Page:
Asia Extreme and the Westernisation of South Korean Film Music.
The most popular avenue for South Korean cinema to enter the West, outside of the art-house festival circuit, is in the form that has loosely been dubbed “Asia Extreme”. This isn’t just South Korean film but also Japanese cinema as well as a number of others. The sub-genre is often very violent or horrific with complex, emotional stories, extremely accomplished visuals and often shocking scenes of violence. With this description already, it is sounding a world away from the gentle melancholy of Im Kwon-Taek. This is however the point in question.
Its success in the West can be seen as a gateway opened up by the sub-genre label itself made ready by the already well accepted Japanese titles. “The transformation of Korean cinema over the past decade is closely related to the South Korean government’s open-door policy.” argues Shin, suggesting that all of the aspects discussed within this essay are essentially modern, though some are more so than others (Shin, 2005, p.52). Japanese cinema is an interesting comparison in one sense as it shows a differing relationship to consumption in the West. Whereas Japanese cinema, whether overtly Japanese (Ozu, Naruse) or Western influenced (Kurosawa), began to enter the West at roughly the same time thanks to film festivals, the same cannot really be said for South Korean cinema. The more Westernised films (visually and musically) have had no real trouble coming through and it is only thanks to these that, the more traditional currents, both past and present, are beginning to make their presence felt at least on festival circuits. The more Korean titles on the other hand, seem to occupy that same area as Western art-house cinema, forever the cultural currency of the culturally affluent.
The parallels between the musical scores and this ease becomes striking once drawn up, though it is no doubt only one of a number of factors that has a role within this relationship. Looking at the most famous examples of South Korean Asia Extreme exemplifies this relationship perfectly. Park Chan-Wook’s Oldboy is possibly the most famous South Korean film in the West. Jenkins suggests that:
“Global convergence is giving rise to a new pop cosmopolitanism. Cosmopolitans embrace cultural difference, seeking to escape the gravitational pull of their local communities in order to enter a broader sphere of cultural experience. The first cosmopolitans thought beyond the borders of their village; the modern cosmopolitans think globally.” (Jenkins, 2004, p.117).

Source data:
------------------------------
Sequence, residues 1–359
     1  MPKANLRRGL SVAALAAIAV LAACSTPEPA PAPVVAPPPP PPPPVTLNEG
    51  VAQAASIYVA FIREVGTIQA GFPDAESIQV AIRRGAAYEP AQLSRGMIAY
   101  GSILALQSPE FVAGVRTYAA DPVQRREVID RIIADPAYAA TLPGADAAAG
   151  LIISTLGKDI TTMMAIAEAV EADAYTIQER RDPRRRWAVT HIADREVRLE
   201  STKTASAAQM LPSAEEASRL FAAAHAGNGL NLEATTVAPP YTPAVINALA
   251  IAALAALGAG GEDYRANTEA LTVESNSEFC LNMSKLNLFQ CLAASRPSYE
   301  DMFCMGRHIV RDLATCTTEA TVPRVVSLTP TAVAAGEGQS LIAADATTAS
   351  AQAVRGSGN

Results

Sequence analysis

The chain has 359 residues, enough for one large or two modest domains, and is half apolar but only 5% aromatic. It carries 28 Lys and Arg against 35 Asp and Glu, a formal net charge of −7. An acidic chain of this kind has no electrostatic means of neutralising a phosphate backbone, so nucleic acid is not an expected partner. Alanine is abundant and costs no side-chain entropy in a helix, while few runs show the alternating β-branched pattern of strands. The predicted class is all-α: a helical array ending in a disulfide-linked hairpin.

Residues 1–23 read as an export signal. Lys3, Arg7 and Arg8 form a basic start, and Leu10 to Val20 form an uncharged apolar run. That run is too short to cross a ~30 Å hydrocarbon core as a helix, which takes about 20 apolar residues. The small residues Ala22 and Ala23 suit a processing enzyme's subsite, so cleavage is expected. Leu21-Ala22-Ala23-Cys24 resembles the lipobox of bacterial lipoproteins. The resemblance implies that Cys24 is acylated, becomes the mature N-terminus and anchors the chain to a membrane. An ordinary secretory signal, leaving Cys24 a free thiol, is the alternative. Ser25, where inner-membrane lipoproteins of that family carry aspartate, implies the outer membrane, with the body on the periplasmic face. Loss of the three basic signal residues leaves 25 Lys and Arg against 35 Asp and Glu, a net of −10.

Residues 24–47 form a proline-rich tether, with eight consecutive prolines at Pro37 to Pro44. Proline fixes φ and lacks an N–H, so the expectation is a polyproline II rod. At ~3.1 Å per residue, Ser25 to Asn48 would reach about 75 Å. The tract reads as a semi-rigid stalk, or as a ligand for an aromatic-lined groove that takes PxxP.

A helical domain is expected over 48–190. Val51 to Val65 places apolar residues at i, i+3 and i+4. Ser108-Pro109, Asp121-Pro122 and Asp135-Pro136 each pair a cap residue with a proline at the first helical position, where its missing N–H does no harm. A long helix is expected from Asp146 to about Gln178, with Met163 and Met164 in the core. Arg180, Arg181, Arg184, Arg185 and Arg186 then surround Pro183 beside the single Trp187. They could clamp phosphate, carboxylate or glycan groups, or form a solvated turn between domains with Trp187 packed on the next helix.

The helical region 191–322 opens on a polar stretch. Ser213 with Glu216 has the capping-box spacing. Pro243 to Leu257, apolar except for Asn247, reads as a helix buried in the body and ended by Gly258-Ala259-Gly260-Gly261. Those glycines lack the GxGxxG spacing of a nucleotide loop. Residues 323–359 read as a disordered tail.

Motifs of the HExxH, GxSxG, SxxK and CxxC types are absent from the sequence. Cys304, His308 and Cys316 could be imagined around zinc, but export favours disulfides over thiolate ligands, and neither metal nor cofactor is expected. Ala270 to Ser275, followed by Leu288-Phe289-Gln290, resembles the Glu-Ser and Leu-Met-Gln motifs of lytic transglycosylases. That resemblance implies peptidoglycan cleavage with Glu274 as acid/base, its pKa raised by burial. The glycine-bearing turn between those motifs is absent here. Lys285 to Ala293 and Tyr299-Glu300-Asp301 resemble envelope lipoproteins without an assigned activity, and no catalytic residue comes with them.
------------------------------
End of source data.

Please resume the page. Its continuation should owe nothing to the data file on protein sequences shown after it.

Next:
Park and Oldboy could therefore be described as the product of modern cosmopolitanism and this rings true when realising that not a single piece of printed media referenced in this essay mention his name or work once. The film has numerous editions on all regions of DVD, it has a high place in the Internet Movie Database Top 250 (a list which is overtly Western) and is currently being remade in Hollywood by director, Spike Lee. The film has a transnational feel for a number of reasons. Its source material is a Japanese graphic novel so this instantly makes it more accessible to Western audiences (with manga being extremely popular) but it is in its music where the most obvious arguments lie.
The first aspect to note is its use of Western classical music, most obviously when Antonio Vivaldi’s Winter is used. Here, the film is already using that very Western tradition of reappropriating classical music for its own uses, a technique often used by the likes of Stanley Kubrick and Martin Scorsese. Whereas Im would use more tradition based sounds to ground his films in a more authenticated South Korea, Park instead seeks to show the cosmopolitanism of modern South Korea with a transnational, Westernised style palate. Some would argue, as Chung does, that the Western influence has been there since the American presence in the 1940s; “The unabated influx of American films since the U.S military occupation (1945-48) and the Korean war (1950-53) significantly affected the melodramas the genre formations of the embryonic South Korean industry.” (Chung, 2005, p.123). This however is too sweeping a statement to define a whole national cinema in the digital age.
This is further added to by the composed nondiegetic score by Hyun-Jung Shim which is electronic and tonally Western, sounding not unlike music by the Cocteau Twins or other electronic bands. Even when the soundtrack was released, each individual movement was named after an American film noir or other Western film that the director and the composer liked. This is not surprising, especially in the context of his other work but has Park Chan-Wook submitted to the pressure from the West and gone down the route of “prostitution” that the characters of Seopyeonje did everything they could to avoid?
Whereas out next case study will show this to be the case in another, slightly ironic context, it seems unfair to chastise the director and composer for such a creative choice. Jenkins believes that “Adopting a position that if you can’t beat them, merge with them, the American entertainment industry has become more aggressive in recruiting and collaborating with Asian talent.” (Jenkins, 2004, p.119). The Western pressure on Park and the like must therefore be enormous. Their influences are very clearly and obviously very different to that of Im Kwon-Taek, allowing for all sorts of different economic, cultural and political factors to mould their choices of visuals and music. Though Park Chan-Wook’s last film was made entirely in English with an American cast and a score by Clint Mansell, it is unfair to take apart the obvious Westernisation of his filmmaking choices when they are very clearly born from homage and influence rather than an overwhelming desire to achieve a Western, commercial success. Our next example however will show that this is not always the case.